Instead, the failure of Jose Mourinho's team to convert a glut of chances means his unbeaten record upon returning to Stamford Bridge has already been ended, with Roberto Martinez recording his first win as Toffees boss as the game finished 1-0.
Mourinho is a man who prides himself on records, on setting examples and outlining his own worth to a club. So he'll be disappointed with suffering his first defeat just four games into the Premier League season.
More so, he will be disappointed in his players as Samuel Eto'o should have been celebrating a debut goal for the Blues while others were also guilty of not living up to their considerable reputations.
Time and again Chelsea's build-up play against the Toffees looked impressive, but when it came to providing that crucial killer blow, they were found wanting.
Eto'o missed an open goal when Gareth Barry desperately blocked his shot in the first half after Tim Howard had fluffed his own lines moments earlier, passing the ball to Andre Schurrle in the penalty box. The German could have shot it himself, but squared for Eto'o instead, who looked set to score only for Barry to deny him.
If we look at this game in isolation, Chelsea fans—and their manager, maybe—could be forgiven for hitting the panic button. But we shouldn't. It's about the bigger picture.
Any defeat is hard to swallow, especially when you come with the reputations so many of Chelsea's stars carry around with them and leave the pitch knowing you were the better team.
What we saw at Goodison Park on Saturday, however, should breed confidence. And when he analyzes the video of this performance, Mourinho will no doubt feel it.
There were countless things Chelsea could have done better—notably their transition from defensive positions to attack—but in terms of their desire and team spirit, the Blues couldn't be faulted.
OK, so desire and team spirit do not win titles, yet they go a long way in helping a team get there. They're qualities that, mixed with the talent Mourinho has at his disposal, separate the great teams from the also-rans.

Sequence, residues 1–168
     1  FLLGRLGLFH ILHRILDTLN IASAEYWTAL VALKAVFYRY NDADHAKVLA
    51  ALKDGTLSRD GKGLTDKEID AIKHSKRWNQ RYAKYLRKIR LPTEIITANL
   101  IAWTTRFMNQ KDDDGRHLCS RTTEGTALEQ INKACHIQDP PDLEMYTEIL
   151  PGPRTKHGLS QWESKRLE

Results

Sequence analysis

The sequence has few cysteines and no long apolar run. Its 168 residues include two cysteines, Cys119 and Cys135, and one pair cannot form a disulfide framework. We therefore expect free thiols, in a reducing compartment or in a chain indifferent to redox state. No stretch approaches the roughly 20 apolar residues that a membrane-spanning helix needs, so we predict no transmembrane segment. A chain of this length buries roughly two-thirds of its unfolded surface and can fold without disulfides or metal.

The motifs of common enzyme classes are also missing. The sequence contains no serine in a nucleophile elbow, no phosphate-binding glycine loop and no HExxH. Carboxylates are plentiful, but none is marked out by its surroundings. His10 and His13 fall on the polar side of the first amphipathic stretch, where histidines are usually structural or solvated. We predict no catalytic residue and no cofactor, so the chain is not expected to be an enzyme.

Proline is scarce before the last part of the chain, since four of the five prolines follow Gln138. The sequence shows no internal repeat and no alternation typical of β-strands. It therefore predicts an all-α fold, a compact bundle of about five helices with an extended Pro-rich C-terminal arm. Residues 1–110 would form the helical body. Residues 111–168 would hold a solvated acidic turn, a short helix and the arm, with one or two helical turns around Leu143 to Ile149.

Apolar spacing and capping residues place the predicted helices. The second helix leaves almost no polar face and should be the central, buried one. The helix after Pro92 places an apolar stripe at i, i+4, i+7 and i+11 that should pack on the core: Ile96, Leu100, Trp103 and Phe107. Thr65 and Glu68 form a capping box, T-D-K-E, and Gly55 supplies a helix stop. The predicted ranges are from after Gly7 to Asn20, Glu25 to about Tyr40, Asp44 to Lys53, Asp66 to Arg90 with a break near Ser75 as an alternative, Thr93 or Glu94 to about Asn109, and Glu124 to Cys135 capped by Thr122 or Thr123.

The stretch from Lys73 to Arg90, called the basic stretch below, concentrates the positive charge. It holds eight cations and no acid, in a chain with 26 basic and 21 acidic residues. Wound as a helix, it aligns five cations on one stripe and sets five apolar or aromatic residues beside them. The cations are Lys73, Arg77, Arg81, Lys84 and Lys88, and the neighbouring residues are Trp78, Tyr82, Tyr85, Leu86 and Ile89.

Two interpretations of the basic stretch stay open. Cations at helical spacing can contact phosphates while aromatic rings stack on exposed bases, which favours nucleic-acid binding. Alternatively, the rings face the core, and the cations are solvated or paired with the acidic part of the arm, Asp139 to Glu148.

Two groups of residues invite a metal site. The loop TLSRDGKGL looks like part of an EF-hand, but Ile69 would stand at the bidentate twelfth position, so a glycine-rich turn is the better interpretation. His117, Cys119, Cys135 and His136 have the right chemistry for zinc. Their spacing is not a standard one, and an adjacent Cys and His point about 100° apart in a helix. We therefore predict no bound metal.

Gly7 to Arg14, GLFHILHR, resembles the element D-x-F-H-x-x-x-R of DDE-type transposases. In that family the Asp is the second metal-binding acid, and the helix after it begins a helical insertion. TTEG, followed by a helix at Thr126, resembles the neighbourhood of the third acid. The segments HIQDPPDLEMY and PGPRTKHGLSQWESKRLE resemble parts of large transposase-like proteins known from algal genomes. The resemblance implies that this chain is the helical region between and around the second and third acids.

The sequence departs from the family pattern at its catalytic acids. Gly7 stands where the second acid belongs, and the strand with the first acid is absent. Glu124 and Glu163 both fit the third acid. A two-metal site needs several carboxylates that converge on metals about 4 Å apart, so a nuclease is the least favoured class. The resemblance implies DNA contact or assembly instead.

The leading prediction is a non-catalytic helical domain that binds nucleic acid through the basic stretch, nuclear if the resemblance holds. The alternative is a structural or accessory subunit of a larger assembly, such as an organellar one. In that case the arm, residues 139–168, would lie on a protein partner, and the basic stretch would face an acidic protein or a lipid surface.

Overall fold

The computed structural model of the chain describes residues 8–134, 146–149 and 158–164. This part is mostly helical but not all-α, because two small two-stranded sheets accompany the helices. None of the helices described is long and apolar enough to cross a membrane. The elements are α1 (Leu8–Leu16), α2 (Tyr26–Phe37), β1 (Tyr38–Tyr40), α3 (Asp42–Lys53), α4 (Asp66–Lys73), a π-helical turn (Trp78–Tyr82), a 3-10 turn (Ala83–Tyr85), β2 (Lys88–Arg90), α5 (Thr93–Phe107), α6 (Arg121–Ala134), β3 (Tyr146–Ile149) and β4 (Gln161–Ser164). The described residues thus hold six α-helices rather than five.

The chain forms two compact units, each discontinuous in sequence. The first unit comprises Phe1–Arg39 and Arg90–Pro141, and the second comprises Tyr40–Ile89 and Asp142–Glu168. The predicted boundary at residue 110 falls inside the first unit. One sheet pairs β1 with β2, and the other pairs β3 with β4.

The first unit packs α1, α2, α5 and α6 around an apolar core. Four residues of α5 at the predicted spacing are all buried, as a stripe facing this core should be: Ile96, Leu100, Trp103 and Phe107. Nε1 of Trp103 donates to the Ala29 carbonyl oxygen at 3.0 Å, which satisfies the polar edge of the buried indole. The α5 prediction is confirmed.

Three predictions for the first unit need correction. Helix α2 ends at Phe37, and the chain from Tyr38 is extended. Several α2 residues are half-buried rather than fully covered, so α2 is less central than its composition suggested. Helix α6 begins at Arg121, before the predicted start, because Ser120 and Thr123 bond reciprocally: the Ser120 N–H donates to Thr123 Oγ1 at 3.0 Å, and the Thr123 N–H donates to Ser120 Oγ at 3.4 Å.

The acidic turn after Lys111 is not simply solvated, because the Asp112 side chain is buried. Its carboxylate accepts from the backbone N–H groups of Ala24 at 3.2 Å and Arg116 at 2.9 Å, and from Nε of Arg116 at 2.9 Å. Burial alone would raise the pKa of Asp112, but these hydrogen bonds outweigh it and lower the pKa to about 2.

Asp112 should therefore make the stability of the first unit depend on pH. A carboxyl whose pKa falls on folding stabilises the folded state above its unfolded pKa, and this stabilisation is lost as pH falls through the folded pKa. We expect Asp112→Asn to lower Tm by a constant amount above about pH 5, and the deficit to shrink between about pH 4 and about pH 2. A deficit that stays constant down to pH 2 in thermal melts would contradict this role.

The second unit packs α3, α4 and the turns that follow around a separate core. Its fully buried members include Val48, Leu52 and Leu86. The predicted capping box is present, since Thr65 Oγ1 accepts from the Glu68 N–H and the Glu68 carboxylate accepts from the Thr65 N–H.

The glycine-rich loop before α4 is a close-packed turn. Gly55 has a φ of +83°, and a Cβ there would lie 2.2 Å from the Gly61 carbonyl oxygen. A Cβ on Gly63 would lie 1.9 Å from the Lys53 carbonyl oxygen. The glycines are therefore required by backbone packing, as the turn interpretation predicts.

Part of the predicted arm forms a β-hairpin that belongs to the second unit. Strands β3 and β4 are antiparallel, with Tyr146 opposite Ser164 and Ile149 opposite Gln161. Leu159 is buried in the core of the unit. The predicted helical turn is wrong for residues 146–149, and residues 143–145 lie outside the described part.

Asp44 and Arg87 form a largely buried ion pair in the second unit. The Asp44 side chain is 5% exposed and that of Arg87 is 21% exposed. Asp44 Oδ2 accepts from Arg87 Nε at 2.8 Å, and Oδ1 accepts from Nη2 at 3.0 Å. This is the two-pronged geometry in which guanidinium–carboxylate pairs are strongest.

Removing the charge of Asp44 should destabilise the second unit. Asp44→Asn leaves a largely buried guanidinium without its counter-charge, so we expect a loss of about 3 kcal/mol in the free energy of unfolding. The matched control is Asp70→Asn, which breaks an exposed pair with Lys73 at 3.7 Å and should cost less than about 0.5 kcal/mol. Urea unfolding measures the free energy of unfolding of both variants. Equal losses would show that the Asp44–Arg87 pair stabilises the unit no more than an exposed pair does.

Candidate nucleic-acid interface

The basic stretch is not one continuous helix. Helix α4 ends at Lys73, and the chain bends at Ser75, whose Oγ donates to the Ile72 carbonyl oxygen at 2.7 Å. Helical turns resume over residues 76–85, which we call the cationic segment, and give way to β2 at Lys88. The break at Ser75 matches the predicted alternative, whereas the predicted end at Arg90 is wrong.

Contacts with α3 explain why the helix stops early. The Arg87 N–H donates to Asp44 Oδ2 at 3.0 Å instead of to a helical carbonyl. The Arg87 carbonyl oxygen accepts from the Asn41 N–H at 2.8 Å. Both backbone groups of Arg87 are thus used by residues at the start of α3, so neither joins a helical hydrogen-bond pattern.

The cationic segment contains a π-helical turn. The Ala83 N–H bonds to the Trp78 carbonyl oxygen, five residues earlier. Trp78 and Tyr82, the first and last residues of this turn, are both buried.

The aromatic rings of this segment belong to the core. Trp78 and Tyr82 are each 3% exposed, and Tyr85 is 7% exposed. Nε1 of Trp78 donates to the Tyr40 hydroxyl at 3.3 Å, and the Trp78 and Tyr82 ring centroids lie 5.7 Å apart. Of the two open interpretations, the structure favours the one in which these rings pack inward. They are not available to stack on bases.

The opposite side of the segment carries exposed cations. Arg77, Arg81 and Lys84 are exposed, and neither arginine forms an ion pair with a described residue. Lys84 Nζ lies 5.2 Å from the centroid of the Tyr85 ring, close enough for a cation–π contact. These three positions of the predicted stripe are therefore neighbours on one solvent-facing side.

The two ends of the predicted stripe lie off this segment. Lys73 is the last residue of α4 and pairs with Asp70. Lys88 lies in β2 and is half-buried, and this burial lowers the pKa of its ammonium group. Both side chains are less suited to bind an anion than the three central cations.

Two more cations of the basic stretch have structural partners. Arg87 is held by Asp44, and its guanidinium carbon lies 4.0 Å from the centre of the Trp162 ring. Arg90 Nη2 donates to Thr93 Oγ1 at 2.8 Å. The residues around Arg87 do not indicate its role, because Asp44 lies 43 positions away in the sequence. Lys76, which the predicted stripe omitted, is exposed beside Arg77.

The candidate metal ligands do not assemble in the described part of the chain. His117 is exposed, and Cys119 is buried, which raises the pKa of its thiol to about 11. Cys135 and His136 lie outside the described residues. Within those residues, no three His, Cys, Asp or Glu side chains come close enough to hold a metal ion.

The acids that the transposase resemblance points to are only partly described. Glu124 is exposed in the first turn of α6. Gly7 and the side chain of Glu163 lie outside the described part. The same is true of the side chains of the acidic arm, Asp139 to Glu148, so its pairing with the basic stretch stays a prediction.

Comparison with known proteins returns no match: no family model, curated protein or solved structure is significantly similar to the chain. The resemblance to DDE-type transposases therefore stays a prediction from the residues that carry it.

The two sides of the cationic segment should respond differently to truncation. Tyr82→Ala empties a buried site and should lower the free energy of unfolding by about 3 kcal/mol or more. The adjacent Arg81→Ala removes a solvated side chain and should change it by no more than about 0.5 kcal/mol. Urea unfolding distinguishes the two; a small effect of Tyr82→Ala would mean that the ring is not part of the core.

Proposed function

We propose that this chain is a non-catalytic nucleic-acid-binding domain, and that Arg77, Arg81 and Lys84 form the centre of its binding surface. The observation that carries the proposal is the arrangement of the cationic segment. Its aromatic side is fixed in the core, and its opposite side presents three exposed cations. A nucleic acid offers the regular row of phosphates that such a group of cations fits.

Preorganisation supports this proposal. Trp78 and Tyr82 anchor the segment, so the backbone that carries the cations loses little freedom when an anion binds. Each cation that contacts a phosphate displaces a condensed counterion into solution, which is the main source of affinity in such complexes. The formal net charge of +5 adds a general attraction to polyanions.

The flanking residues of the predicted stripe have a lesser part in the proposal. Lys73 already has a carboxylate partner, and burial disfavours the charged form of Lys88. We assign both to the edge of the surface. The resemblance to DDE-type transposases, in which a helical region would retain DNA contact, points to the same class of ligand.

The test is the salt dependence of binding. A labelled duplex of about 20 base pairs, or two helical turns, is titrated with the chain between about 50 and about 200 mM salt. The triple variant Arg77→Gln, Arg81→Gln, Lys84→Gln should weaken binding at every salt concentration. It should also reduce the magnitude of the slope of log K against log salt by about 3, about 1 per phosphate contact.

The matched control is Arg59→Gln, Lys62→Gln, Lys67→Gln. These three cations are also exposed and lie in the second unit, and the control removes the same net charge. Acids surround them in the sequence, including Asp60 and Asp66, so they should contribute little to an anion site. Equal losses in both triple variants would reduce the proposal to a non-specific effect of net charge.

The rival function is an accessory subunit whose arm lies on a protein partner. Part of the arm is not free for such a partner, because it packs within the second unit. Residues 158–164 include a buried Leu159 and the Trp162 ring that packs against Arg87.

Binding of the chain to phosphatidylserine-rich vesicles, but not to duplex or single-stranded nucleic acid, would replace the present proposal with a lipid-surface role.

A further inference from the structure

With a hostile crowd and pumped-up opposition, Chelsea stood firm in the face of the challenge Martinez's men threw at them. They went a goal behind on the stroke of half time, but should have been out of sight long before then.
They remained unperturbed, focused on the belief they could claw their way back into the game to take at least a point. Wave after wave of attack came Everton's way, and while every clearance that followed would have chipped away at the confidence of most teams, Chelsea maintained their intensity.
Credit must be given to the Toffees, of course. Their victory was their first of the season, but it was also their third consecutive clean sheet, extending their record to the best part of five hours without conceding in the league.
It's clear without David Moyes they will continue to play their part in the Premier League this term, and we shouldn't let a defeat convince us Chelsea will not be doing the same in the title race.
As Mourinho's side comes together, occasions like what we saw this weekend will always resurface—it's part of the journey to greatness, after all.
Chelsea have enough quality to suggest these will remain rare, however, and for that, they must take solace, regroup and put things right, starting with Basel in the Champions League on Wednesday.
Garry Hayes is Bleacher Report's lead Chelsea correspondent and will be following the club from a London base throughout the 2013-14 season. Follow him on Twitter here:
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